By : LUKE RINTOD
KOTA KINABALU: Amir Kahar Mustapha, an influential Sabah Umno leader, has thrown his hat into the ring of election contenders, though the ruling Barisan Nasional coalition has yet to make known its list of candidates.
The quiet Bajau-Suluk leader yesterday quit his post as Inspector-General of Projects, a state government appointment with ministerial status specially created for him but with little power.
The son of Sabah strongman and the state’s first Yang di-Pertua Negara Mustapha Harun, Amir Kahar was briefly a former deputy chief minister in the Parti Bersatu Sabah (PBS) government which ruled from 1985 to 1994.
He was Banggi assemblyman for 22 years until he was dropped by Umno in 2008 and replaced with little known Mijul Unaini.
His decision does not come as a surprise though it now looks he may have to go against BN in the northern-most seat in Sabah either on an independent or opposition platform.
“I have sent my resignation letter to the Chief Minister’s Department,” he said without naming Chief Minister Musa Aman.
“I would be contesting in the coming election. I will make the announcement soon [under which party to contest]. I have decided to contest again after almost a five-year break because I believed I can still deliver and serve the people,” he was quoted by a local newspaper as saying today.
He was also in the news recently trying to seek a solution to the stand-off at Kampung Tanduo in Lahad Datu after a group of armed Filipinos invaded and took over the village, sparking a security crisis in the east coast of the state.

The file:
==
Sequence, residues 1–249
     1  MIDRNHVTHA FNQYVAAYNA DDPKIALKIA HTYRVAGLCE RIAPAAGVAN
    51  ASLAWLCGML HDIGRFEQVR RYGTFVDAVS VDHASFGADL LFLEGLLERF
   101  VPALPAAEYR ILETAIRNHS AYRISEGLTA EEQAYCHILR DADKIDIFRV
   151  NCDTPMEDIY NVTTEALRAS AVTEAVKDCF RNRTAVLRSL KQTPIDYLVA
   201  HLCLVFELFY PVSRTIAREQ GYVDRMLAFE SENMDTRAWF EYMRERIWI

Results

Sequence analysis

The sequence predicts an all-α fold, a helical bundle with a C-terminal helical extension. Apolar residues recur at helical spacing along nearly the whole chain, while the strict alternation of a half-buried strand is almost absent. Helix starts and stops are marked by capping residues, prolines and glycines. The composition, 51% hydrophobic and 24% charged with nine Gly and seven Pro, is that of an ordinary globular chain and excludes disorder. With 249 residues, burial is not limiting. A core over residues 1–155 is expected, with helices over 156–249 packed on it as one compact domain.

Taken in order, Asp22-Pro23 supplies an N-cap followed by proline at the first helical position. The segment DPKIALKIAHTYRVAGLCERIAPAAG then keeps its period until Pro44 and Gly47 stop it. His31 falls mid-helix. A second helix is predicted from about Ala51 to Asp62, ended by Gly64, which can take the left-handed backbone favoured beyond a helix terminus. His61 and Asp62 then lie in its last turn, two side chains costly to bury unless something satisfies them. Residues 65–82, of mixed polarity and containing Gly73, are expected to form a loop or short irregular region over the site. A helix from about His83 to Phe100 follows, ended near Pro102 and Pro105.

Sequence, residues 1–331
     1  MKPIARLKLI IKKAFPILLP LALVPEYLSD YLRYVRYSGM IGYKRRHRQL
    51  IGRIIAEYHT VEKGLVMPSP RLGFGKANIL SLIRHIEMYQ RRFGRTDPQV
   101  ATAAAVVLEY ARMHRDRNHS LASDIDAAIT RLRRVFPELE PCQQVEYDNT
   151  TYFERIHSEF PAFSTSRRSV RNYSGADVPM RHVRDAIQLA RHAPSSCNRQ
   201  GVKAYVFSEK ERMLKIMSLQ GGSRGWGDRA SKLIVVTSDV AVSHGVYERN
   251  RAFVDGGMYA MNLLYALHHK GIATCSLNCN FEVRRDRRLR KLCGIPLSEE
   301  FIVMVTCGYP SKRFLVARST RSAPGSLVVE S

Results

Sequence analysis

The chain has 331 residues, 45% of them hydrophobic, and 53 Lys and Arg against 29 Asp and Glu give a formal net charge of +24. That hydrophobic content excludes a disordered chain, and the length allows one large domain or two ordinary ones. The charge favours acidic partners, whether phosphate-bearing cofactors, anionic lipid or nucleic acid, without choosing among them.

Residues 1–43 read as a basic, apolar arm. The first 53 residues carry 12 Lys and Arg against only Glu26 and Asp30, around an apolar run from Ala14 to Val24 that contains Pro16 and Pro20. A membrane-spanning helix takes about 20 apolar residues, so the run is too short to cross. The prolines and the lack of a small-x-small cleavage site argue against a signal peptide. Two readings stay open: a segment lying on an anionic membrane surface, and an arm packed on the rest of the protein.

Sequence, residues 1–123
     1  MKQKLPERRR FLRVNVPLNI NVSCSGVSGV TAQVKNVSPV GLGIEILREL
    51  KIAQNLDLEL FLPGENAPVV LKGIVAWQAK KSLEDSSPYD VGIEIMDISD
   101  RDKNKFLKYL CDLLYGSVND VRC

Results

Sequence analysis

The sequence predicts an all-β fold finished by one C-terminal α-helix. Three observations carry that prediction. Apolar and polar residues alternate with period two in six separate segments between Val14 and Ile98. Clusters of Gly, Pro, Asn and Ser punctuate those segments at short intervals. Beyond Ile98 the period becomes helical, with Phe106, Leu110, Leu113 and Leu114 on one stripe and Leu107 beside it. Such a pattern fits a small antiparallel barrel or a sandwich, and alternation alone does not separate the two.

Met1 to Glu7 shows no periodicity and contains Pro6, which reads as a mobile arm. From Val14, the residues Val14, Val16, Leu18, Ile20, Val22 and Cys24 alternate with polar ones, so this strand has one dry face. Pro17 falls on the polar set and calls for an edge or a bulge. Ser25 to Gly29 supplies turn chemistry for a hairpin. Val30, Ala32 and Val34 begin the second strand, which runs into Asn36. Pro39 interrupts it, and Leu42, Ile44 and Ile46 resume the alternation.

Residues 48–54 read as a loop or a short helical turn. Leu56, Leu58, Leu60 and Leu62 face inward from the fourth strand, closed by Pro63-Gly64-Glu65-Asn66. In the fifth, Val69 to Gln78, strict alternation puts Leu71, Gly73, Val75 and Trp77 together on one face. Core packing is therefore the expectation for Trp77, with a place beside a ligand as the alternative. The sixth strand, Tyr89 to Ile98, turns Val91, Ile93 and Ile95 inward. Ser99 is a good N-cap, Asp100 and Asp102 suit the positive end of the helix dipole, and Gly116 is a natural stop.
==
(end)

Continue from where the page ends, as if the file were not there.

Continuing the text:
It is not known what made Amir Kahar decide to announce his own candidacy yesterday, but insiders had been claiming he is unhappy with Umno and its handling of Sabah issues lately.
He is rumoured to have held talks with Jeffrey Kitingan of the State Reform Party (STAR) only weeks ago, but his supporters also claim that he has also spoken to Pakatan Rakyat coalition member PKR.
If he decides to join the national opposition front it would be another blow for Jeffrey who has struggled to shore up his fledgling STAR, which in recent weeks had seen a drop in support in contrast with the now surging PKR.
The peninsula-based PKR is coming in strong ahead of the impending general election that many see as the possible end of the BN regime at the federal level.
The reluctance of local opposition or independent-leaning politicians to join fiercely “local” parties such as STAR and the Sabah Progressive Party (SAPP), which some see as practising provincial politics, is expected to force a change in the divide-and-rule election strategies successfully adopted by the BN in the past. (FMT)